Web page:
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Is your governing body as dysfunctional as this?

Reluctant chair Alex Baker introduces his board from hell

GOOD evening and welcome to this full governors' meeting of Eddington primary school. Welcome also to the Year 4 classroom. I'm sorry about the size of the table and chairs but the Ninja flower- arranging evening class are using our normal meeting room.

Before we get on to the business at hand I would like to welcome a new member to our governing body: Mr Charles Goodbody. I would firstly like to introduce Mr Goodbody to the other members around the table, so here goes.

Immediately to your right is Mrs Pearson, who is very good at stopping the discussion by referring to some obscure regulation usually concerning the school's statutory requirement to count the number of pieces of paper it owns before the end of the fiscal year.

Mr Trennon, next to her, has the duty of shouting the loudest in the hope that we finish this meeting by 9pm when he has told his friends he will meet them at the pub.

Dr Carter there is an academic who thinks she knows all there is about education because she once taught it to a bunch of Open University students.

Mrs Rogers, our headteacher, is fed up with a bunch of amateurs telling her how she should run her school but will still blame "the governors" whenever she presents a difficult decision to anyone else. Opposite you is Mr Walker, who will boast about his experience in finance and argue fiercely that the chair should take greater control of the meeting to ensure a quick ending.

Next to him is Miss Penny, our Year 4 teacher, who thought joining the governing body would give her the opportunity to contribute to the running of the school but, in fact, she is constantly forced to agree with everything the headteacher says in order to give the impression of staff solidarity. Up next is Miss Jones, our secretary from the education authority, who secretly complains about having to come and take our minutes outside office hours.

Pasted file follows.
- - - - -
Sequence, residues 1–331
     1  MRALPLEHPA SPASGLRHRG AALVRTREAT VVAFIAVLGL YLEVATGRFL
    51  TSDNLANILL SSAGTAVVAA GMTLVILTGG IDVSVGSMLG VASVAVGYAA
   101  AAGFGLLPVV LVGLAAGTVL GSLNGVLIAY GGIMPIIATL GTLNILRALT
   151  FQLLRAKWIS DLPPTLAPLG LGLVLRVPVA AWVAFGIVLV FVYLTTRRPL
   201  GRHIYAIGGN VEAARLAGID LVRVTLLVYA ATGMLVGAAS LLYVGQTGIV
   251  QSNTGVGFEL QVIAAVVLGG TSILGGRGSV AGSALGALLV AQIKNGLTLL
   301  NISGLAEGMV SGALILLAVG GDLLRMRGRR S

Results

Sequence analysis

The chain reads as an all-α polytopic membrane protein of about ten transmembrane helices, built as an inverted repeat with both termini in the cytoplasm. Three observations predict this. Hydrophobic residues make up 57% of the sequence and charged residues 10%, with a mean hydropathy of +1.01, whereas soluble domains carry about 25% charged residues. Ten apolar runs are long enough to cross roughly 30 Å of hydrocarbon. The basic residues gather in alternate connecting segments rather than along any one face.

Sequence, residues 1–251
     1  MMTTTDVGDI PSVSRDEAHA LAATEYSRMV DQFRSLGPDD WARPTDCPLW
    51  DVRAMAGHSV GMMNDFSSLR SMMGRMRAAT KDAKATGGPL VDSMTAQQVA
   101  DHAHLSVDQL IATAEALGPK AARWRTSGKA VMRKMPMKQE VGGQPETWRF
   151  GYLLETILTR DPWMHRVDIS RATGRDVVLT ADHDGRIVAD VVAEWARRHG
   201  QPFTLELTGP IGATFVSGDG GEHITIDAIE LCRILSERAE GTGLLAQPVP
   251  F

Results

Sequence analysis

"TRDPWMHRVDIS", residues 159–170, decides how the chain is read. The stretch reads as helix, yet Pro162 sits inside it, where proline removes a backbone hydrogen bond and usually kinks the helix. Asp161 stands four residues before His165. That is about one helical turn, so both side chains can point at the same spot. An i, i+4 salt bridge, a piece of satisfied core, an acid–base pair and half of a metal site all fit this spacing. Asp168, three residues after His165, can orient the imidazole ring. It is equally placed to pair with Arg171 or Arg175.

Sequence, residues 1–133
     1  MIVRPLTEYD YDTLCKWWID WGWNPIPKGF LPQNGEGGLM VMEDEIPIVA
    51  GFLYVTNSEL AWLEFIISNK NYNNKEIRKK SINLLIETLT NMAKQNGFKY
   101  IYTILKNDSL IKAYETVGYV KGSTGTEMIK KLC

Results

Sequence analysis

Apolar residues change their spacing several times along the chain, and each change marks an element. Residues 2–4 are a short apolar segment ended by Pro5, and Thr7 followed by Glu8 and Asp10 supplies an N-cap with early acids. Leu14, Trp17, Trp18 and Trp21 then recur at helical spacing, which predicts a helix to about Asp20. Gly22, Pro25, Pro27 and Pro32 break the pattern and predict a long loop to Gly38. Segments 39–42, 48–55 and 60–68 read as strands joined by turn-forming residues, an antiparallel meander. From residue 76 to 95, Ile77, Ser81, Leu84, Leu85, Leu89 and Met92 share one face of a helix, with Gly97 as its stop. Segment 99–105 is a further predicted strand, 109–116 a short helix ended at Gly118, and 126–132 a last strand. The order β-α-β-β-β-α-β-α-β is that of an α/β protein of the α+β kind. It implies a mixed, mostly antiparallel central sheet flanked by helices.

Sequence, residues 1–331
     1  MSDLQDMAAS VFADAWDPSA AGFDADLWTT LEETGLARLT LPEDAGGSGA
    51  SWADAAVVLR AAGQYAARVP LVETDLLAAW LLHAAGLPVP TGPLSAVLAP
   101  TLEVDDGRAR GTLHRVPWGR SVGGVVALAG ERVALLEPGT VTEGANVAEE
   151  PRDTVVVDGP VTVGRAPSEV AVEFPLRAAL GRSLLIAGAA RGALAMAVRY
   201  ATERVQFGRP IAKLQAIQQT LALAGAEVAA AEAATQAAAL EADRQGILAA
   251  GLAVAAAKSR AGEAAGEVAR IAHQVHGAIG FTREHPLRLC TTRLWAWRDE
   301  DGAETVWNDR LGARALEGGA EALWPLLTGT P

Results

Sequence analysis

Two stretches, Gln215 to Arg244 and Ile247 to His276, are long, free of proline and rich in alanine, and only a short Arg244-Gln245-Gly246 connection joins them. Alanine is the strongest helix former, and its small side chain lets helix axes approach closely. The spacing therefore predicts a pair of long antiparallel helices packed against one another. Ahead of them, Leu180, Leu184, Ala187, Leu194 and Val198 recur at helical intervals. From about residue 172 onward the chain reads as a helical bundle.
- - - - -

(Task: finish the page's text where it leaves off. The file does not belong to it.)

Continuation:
There are, of course, seven other members of this governing body who cannot be present because they all have childcare difficulties and always argue that these meetings should take place during school time when they can have their children looked after.

Finally, I am Mr Masterson, the chair, who was elected to the post because no one else would do it and therefore everyone complains about me.

My main duty is to invite opinions from the governors which I will generally ignore because I know that the head will consider them all impractical until I can convince her that she has come up with the idea herself.

Right, if we can now start with item one from the 234 on the agenda. Yes, Mr Trennon...

The author works in higher education and writes under a pseudonym. All characters depicted here are fictional

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